Preventing journalistic bias on social issues difficult

Protesters carry a Free Our Future sign
Minneapolis, MN. Navarro and other rallygoers compared ICE to a modern day Gestapo, based on the act of separating children from their families. Photo credit: J.D. Duggan

In the world of citizen journalism and intense partisan divide, where does that leave a reporter at a rally protesting lost children? If a counter-protest said “It’s the family’s fault and the kid is facing the consequences of their parents’ actions,” am I picking a side if I decide they don’t deserve a platform?

But, that’s the job of a journalist– to offer those platforms, and typically the truth is synthesized from presenting the facts. Oftentimes, you find that a person is afraid of something, whether it’s fear of crime or a loss of jobs. Or, for groups like the Proudboys, you find that after a young white man has been repeatedly beaten with ‘you don’t have culture and you don’t matter,’ they found themselves a group who celebrated their culture at the expense of another racial group.

Unfortunately, the traditional model of journalism often focuses on the conflict rather than cultivating understanding. Typically, “official sources” follow the status quo, introducing biases of the establishment and ignoring voices that are historically undermined. It’s often difficult to step outside ourselves, but that is a key to journalism– understanding and context. Again, the truth speaks for itself, and a skilled journalist can bring this truth to the forefront with in-depth and fair coverage.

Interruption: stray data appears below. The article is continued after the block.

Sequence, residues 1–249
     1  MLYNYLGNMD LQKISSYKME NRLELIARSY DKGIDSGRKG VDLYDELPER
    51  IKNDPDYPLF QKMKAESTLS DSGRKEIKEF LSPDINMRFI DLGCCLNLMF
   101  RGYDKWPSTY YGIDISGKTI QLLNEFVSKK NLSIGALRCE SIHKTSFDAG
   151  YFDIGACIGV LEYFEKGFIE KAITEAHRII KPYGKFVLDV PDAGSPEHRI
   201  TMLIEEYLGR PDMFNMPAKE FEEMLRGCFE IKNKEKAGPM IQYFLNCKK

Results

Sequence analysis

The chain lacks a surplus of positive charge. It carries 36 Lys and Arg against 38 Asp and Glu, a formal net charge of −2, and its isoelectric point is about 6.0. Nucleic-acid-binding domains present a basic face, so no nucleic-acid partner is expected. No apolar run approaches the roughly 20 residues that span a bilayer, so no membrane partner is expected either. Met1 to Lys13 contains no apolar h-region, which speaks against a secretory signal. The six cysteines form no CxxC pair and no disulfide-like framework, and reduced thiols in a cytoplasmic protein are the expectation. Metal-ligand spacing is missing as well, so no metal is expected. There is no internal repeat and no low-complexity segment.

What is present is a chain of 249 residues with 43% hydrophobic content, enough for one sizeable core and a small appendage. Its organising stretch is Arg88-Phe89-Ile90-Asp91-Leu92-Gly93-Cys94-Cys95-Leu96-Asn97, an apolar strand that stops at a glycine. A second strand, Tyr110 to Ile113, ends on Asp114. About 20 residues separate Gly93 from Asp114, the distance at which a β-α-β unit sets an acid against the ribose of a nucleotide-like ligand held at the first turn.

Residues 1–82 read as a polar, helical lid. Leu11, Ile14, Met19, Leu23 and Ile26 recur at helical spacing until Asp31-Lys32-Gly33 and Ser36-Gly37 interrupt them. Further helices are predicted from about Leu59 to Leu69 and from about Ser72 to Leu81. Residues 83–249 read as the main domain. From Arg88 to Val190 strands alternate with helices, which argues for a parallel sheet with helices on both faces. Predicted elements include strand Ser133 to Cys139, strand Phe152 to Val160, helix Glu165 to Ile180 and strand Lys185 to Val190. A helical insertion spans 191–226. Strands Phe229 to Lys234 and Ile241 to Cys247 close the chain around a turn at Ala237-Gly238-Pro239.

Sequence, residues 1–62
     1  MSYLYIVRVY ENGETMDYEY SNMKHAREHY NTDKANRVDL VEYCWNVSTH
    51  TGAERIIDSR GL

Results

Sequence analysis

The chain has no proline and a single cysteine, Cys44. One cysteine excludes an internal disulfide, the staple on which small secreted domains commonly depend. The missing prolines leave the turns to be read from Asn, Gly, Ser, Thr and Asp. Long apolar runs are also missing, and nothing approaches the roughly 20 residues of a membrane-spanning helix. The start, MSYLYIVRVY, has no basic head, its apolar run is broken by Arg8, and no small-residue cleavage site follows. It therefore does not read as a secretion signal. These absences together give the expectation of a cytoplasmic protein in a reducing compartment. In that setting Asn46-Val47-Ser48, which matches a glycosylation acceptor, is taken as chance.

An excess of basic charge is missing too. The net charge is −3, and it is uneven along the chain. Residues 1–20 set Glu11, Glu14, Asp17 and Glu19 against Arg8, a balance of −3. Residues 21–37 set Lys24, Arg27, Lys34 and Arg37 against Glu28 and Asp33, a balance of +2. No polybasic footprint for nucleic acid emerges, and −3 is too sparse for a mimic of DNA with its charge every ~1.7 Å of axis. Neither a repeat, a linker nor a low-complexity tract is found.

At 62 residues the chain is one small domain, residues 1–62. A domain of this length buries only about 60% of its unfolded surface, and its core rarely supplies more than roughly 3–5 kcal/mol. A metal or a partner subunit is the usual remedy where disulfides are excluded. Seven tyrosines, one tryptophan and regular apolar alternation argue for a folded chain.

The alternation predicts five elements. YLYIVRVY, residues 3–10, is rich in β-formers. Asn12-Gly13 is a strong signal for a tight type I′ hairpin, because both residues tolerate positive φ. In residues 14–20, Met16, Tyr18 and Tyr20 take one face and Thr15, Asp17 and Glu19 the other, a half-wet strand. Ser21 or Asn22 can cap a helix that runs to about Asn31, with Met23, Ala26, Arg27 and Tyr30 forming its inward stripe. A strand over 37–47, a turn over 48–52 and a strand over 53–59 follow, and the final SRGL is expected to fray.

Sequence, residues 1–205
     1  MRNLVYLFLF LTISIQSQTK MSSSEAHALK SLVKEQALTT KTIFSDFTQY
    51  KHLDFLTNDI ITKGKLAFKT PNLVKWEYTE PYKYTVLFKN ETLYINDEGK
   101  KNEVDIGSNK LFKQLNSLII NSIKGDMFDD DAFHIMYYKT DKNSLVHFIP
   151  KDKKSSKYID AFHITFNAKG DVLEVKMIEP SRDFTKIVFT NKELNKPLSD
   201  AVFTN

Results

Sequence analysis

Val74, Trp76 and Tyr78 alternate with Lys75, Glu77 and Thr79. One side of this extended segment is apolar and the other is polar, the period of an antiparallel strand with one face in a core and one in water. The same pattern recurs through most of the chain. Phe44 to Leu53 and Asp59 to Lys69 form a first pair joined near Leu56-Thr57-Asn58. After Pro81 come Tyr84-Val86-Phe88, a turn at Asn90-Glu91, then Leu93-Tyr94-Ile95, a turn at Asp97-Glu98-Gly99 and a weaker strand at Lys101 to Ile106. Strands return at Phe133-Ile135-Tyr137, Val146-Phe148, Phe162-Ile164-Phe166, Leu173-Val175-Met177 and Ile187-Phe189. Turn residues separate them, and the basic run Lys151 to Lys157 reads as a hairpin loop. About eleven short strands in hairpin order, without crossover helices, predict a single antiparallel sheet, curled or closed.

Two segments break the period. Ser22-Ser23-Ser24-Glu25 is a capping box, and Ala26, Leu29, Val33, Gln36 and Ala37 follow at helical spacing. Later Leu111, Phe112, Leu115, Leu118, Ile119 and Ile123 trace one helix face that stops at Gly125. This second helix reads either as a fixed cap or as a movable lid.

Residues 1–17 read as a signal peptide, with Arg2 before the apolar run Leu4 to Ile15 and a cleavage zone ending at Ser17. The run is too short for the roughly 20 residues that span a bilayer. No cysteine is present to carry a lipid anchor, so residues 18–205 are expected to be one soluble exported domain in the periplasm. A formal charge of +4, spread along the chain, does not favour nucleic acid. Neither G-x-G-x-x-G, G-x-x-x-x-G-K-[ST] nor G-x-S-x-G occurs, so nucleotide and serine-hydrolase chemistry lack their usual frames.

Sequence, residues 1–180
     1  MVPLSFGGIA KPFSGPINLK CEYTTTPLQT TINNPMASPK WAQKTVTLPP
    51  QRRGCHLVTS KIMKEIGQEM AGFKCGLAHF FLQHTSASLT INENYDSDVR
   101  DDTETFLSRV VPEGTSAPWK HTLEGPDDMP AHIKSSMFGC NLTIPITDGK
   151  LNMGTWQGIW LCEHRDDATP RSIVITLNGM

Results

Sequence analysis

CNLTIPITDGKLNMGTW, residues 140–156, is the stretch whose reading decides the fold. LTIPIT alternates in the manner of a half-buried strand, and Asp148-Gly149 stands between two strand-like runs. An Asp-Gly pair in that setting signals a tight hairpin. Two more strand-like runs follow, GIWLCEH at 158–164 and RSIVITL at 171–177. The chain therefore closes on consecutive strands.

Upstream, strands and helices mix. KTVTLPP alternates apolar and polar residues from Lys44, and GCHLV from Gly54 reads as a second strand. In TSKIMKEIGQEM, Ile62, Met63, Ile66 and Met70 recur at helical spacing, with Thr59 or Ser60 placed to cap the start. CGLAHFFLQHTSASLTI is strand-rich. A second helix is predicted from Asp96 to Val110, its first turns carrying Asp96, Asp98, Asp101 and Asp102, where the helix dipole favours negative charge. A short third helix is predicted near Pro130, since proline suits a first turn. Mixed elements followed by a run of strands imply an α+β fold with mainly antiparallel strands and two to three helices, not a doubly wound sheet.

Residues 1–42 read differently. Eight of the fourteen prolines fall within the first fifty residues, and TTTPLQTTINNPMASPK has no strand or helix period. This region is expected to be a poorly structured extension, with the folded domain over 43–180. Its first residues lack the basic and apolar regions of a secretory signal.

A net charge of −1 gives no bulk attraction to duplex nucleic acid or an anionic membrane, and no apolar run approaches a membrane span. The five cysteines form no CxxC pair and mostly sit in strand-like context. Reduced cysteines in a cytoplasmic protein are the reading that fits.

The question of ‘ethical truths’

A protester carries a sign saying "families seeking safety are not criminals."
Minneapolis, MN. Operation of the light rail came to a halt as protesters crossed the tracks on 5th Street. Photo credit: J.D. Duggan

Although the journalist may be subjective, journalistic methods sometimes has an objective standard, according to an article titled “The lost meaning of ‘objectivity’” by the American Press Institute. There is a science to most journalism, because there is an objectivity to concrete facts. But where is the objectivity when it comes to writing about human issues? Where does the ‘ethical truth’ fall when it comes to immigration in a country packed full of citizens of European, Asian, and African descent? Well, again, sometimes laying out the facts plainly can show us what a seemingly-obvious ethical truth looks like.

When we take a human issue and make it a political issue, we often forget the human. We forget that our neighbors, friends, or ancestors face these trials and pains and heartaches. They become the faceless words on a Fox News blog, or the sensationalized half-truth of a HuffPo article. These tactics of fear-mongering and overhype are a great way to discredit the core truth of an argument– when sometimes offering a fair platform to any side of an issue bring us to the truth itself.

Video footage by Benjamin Pecka. View full, unedited coverage of the march on our YouTube channel.